At a gathering earlier this year in New York, attendees brainstormed for a new Jewish holiday: Yom HaTzedek — Day of Justice. (Photo/Courtesy Andrew Mandel)
At a gathering earlier this year in New York, attendees brainstormed for a new Jewish holiday: Yom HaTzedek — Day of Justice. (Photo/Courtesy Andrew Mandel)

He’s on a quest to create a new Jewish holiday — Yom HaTzedek, a Day of Justice

Andrew Mandel believes that the Jewish people need another holiday. He calls it Yom HaTzedek — Day of Justice. Social justice is a big part of Judaism but we don’t have a specific holiday devoted to it. To Mandel — a 41-year-old rabbinical student at Hebrew Union College’s New York campus born in Rockland County, New York — this is a problem.

He held events in Jerusalem and New York this year to brainstorm with others interested in the idea: When should Yom HaTzedek take place? What kind of tone should it have? What ritual elements will it have? I talked with Mandel last week to find out more. 


Andrew Mandel
Andrew Mandel

DAMW: What do the Jews need with another holiday?

AM: We Jews love to mark time. Throughout our history, we’ve found new occasions to enshrine a sacred place in our calendar for what’s important to us. And I would argue that the work of improving society is one of the deepest expressions of Jewish life.

DAMW: What about social justice themes baked (or read) into holidays like Sukkot, when we can focus on shelter; or Passover, when American Jews tend to draw parallels between slavery in ancient Egypt and modern-day injustices; or Tu Bishvat, which has now been thoroughly transformed into an environmentalist holiday?

AM: Those holidays are specific to particular aspects of social justice work. Passover is packed with activity and meaning and story, but doesn’t necessarily serve the purpose of reactivating us to work on behalf of a better world. We don’t have a day yet in our calendar where we collectively look back at what we’ve done over the last year.

DAMW: Isn’t that exactly what Yom Kippur is?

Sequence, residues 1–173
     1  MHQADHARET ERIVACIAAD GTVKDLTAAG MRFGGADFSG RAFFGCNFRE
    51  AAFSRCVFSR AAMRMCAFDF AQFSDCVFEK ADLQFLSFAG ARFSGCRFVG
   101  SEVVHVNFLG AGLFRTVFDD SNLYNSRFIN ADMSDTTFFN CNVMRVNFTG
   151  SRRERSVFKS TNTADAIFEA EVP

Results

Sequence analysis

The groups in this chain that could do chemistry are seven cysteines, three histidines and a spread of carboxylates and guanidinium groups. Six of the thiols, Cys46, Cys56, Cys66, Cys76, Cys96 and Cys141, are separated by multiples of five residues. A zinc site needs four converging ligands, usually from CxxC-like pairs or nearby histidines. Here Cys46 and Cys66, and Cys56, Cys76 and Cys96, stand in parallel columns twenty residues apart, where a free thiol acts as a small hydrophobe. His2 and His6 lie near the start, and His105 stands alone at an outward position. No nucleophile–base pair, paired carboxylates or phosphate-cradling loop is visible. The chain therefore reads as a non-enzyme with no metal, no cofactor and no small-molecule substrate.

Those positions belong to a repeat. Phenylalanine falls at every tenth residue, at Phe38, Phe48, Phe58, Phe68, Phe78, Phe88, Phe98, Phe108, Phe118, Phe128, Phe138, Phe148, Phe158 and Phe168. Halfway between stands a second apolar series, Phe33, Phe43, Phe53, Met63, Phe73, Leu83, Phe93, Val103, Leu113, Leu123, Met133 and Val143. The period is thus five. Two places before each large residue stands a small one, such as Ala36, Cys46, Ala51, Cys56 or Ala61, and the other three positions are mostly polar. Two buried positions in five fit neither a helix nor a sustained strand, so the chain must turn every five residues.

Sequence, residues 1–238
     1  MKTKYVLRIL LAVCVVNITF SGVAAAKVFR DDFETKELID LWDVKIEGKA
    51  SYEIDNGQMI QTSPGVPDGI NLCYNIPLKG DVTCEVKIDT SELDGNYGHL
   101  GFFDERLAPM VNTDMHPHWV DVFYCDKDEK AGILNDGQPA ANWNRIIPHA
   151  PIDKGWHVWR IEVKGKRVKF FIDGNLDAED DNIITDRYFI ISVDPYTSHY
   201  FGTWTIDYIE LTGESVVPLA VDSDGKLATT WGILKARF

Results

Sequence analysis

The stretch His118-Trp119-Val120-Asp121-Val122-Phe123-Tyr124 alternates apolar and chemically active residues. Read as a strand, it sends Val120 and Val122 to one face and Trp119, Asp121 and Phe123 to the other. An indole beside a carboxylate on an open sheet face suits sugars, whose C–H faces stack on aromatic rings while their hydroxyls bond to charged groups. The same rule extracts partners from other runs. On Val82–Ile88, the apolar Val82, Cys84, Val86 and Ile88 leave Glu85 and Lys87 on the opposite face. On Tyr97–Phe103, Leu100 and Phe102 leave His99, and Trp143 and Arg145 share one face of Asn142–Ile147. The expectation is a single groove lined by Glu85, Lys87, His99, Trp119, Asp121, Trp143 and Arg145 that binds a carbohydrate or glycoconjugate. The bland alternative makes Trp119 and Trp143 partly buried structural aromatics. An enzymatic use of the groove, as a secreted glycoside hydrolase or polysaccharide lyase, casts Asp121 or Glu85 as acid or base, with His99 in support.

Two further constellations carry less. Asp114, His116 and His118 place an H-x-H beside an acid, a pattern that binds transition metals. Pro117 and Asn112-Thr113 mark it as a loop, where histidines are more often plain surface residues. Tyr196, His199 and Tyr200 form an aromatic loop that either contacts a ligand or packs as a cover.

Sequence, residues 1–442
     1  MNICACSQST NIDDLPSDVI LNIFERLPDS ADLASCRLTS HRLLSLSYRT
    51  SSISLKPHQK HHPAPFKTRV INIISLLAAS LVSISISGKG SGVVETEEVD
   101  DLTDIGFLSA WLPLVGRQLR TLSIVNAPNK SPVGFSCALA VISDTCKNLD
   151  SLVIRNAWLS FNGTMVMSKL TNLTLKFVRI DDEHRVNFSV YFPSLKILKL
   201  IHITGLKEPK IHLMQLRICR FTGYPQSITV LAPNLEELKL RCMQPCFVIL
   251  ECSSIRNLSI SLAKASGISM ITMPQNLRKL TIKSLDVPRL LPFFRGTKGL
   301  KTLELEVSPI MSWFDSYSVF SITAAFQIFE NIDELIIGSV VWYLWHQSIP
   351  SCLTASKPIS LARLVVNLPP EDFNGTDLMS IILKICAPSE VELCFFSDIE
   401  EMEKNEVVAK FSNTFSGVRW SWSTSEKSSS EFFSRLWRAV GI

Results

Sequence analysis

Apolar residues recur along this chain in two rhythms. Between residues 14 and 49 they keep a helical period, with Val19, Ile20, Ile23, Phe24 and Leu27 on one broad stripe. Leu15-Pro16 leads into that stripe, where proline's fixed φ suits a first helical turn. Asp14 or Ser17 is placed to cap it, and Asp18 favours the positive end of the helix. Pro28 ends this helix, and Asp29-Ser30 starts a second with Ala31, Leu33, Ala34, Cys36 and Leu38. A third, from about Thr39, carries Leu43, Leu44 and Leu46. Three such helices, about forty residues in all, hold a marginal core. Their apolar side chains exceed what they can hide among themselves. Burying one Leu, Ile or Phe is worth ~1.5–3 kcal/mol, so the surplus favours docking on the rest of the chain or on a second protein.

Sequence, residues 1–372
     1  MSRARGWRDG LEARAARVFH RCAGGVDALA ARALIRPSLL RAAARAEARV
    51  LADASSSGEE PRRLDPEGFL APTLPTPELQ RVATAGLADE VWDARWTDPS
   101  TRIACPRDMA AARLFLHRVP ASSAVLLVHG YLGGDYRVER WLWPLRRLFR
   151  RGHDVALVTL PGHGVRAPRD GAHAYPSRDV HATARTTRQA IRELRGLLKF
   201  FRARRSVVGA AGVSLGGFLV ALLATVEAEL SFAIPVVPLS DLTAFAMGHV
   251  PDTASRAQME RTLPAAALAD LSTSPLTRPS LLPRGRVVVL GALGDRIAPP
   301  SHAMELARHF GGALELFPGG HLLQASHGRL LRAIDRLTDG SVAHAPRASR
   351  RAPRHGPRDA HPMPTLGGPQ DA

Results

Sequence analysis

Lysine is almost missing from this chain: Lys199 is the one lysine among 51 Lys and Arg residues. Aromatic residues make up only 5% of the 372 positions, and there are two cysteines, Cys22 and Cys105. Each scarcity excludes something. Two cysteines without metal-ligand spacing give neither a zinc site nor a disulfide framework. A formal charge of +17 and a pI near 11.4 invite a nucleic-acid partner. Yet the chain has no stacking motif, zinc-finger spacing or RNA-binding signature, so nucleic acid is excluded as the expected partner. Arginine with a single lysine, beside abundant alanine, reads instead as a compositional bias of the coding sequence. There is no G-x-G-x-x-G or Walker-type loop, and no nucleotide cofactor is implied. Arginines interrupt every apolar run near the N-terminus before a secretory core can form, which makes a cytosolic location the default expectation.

AM: Individually. But this is about collective behavior. Yom Kippur is for individual reflection on sins against God and interpersonal matters between you and fellow humans — but not on the communal or societal level. If, ultimately, this process [of creating Yom HaTzedek] leads people to bring that into Yom Kippur, that’s great.

DAMW: What ideas have come out of the brainstorming gatherings?

AM: We came up with a number of different concepts for the holiday. One is more reflective, one turns up the knob on action, one is more celebratory.

One idea that came up independently in Jerusalem and New York was the idea of a “tzedek box,” playing on the traditional tzedakah box. You could write down commitments to take action throughout the year; or it could be for adding an action you just completed. On Yom HaTzedek, you would open the box and see what you committed to or the things you’ve done. It could be a moment of clarity, maybe a moment of celebration, or maybe a moment of challenge and introspection.

DAMW: When will Yom HaTzedek take place in the Jewish calendar?

AM: One of the dates that emerged is Pesach Sheni, which is a holiday in our sources that is basically defunct now. [Note: Pesach Sheni is on 14 Iyar, which falls in April or May on the Gregorian calendar]. That would presumably be a day where we would have a new type of haggadah and seder.

There is also the possibility of connecting it to a parashah. Parashat Vayera has come up for a text to tie the holiday to. [Note: Vayera contains the story of Abraham bargaining with God to save the city of Sodom from destruction.] It’s convenient because it’s also in the month of Cheshvan, which has a lot of blank space for holidays. Or it could be the 10th of Av, the day after Tisha B’Av, like a rebuilding after the destruction.

DAMW: What’s the next step?

AM: On July 15, we are launching our registration campaign, which includes recruiting rodfei tzedek [pursuers of justice], individual ritual facilitators who will gather a group of people and test this holiday four times throughout the year. We have six dates that we are experimenting with, and each facilitator will commit to trying out four of them.

At the end of the year, we’ll step back and ask ourselves: Are we convinced that we need a holiday? And if so, when in the calendar felt the most potent?

Hopefully, it’s a robust learning cycle that will teach us both the questions of whether and of when. And if turns out that a holiday is not the most powerful way to deepen our spiritual commitment to social justice and something else comes out of this, that’s fine. But at least we’ll have spent a year considering it.

David A.M. Wilensky
David A.M. Wilensky

David A.M. Wilensky is the online editor of J. and "Jew in the Pew" columnist. He can be reached at david@jweekly.com.